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Whats Wrong with the DC300A answer

Started by Phil Allison October 25, 2019
Hi to all the terminally puzzled,

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THE *problem* with the Crown DC300A is simple, but virtually unknown in the industry. 

Any amplifier that has response to DC is similarly questionable as being suitable or safe to use driving loudspeakers or transformers.  

Such amplifiers produce a large DC component when driven into clipping with an unsymmetrical wave (eg speech or singing). Peaks of one polarity passing undistorted while peaks of the other become clipped off = DC offset created. 

With a high powered audio amp, the DC component can reach *25 volts* or more with speech or music.  Enough to bottom a woofer cone in its frame and push the voice coil almost completely out of the magnetic gap. Bad news for the speaker and sound quality - results in severe compression. 

Most amplifiers avoid the issue simply by having a low frequency pole in the feedback network, usually an 100uF or so electro cap to ground - so the amp exhibits only unity gain at DC. Asymmetrical clipping then only causes a small sub sonic signal to appear that tracks the clipping.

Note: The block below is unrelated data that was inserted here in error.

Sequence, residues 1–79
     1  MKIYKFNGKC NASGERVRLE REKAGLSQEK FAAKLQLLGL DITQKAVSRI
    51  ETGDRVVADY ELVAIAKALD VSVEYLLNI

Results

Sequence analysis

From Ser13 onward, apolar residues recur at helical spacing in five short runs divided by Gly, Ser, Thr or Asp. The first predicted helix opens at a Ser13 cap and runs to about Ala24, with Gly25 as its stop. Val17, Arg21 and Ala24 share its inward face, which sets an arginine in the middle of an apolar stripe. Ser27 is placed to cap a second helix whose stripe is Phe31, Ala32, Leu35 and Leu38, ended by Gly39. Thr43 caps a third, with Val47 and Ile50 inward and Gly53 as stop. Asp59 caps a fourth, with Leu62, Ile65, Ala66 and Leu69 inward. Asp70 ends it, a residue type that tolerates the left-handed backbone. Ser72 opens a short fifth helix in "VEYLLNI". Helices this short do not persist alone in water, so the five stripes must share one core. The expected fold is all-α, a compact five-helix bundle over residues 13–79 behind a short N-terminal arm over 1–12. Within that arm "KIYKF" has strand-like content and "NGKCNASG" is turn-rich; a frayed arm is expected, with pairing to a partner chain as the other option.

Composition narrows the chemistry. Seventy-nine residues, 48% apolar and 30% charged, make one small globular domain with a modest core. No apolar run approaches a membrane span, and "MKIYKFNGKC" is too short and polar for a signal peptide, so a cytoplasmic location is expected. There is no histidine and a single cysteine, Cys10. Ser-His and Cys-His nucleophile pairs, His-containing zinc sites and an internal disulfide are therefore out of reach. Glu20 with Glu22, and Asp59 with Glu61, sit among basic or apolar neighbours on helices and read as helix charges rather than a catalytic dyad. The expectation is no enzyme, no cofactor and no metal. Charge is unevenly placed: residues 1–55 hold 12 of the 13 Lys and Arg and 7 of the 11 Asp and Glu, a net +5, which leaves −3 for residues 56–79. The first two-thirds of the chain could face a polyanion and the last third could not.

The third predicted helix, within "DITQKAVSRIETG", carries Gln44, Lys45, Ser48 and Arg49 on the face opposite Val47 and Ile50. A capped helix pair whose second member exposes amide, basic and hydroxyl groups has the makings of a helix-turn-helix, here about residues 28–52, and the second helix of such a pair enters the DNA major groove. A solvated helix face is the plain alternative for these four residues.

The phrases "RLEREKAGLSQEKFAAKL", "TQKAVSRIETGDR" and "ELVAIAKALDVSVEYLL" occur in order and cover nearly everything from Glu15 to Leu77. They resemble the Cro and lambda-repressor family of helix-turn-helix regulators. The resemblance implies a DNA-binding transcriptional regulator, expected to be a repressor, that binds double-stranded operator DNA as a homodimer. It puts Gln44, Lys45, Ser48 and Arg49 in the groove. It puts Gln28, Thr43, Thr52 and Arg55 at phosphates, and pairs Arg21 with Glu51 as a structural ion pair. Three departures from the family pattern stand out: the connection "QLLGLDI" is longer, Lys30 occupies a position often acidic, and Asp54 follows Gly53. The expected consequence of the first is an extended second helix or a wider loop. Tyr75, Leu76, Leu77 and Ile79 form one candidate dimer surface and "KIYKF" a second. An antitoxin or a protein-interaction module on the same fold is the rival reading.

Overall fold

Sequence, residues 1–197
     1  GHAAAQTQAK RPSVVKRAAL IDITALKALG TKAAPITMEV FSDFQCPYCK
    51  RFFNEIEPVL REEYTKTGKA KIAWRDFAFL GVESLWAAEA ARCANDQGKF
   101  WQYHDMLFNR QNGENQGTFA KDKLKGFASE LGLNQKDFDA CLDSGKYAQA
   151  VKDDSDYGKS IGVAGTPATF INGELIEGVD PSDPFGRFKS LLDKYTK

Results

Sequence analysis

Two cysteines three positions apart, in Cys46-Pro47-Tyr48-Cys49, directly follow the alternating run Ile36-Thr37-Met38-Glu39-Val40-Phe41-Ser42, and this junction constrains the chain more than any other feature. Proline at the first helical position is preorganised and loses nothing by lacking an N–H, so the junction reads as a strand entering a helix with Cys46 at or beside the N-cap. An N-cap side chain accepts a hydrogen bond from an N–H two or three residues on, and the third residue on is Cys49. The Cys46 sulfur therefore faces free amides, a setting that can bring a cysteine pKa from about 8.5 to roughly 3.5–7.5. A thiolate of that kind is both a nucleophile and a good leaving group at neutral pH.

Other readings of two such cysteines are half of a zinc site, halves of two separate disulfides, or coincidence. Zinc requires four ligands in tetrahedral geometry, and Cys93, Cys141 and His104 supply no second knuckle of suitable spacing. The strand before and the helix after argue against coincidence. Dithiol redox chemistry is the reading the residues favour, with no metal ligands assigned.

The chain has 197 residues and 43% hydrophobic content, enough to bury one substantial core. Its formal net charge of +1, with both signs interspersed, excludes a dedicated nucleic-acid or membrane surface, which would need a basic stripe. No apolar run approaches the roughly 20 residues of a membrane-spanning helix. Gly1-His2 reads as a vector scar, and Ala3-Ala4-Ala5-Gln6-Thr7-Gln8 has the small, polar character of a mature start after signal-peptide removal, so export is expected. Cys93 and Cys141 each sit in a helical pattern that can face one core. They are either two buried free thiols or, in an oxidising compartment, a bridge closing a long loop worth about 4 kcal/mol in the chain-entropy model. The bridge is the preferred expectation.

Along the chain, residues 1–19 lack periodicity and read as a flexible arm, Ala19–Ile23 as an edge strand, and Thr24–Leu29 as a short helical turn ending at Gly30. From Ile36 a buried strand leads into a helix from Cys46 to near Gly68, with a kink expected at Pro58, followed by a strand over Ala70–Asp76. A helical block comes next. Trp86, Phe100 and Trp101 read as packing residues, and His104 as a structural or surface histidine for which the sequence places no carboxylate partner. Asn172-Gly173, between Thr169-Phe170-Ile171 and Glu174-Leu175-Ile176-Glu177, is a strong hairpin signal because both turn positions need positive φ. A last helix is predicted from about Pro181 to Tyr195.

See this page by my colleague Rod Elliot, who carefully simulated the situation after I explained the problem to him 16 years ago. 

https://sound-au.com/clipping.htm


FYI: the above plays havoc with speaker muting systems whose drive circuits detect the DC component and open the relay. 



....  Phil 

On Fri, 25 Oct 2019 00:32:27 -0700 (PDT), Phil Allison
<pallison49@gmail.com> wrote:

> >Hi to all the terminally puzzled, > >--------------------------------- > >THE *problem* with the Crown DC300A is simple, but virtually unknown in the industry. > >Any amplifier that has response to DC is similarly questionable as being suitable or safe to use driving loudspeakers or transformers. > >Such amplifiers produce a large DC component when driven into clipping with an unsymmetrical wave (eg speech or singing). Peaks of one polarity passing undistorted while peaks of the other become clipped off = DC offset created. > >With a high powered audio amp, the DC component can reach *25 volts* or more with speech or music. Enough to bottom a woofer cone in its frame and push the voice coil almost completely out of the magnetic gap. Bad news for the speaker and sound quality - results in severe compression. > >Most amplifiers avoid the issue simply by having a low frequency pole in the feedback network, usually an 100uF or so electro cap to ground - so the amp exhibits only unity gain at DC. Asymmetrical clipping then only causes a small sub sonic signal to appear that tracks the clipping. > >See this page by my colleague Rod Elliot, who carefully simulated the situation after I explained the problem to him 16 years ago. > >https://sound-au.com/clipping.htm >
That was the first answer you received. RL
> >FYI: the above plays havoc with speaker muting systems whose drive circuits detect the DC component and open the relay. > > > >.... Phil
On Friday, October 25, 2019 at 1:35:26 PM UTC-4, legg wrote: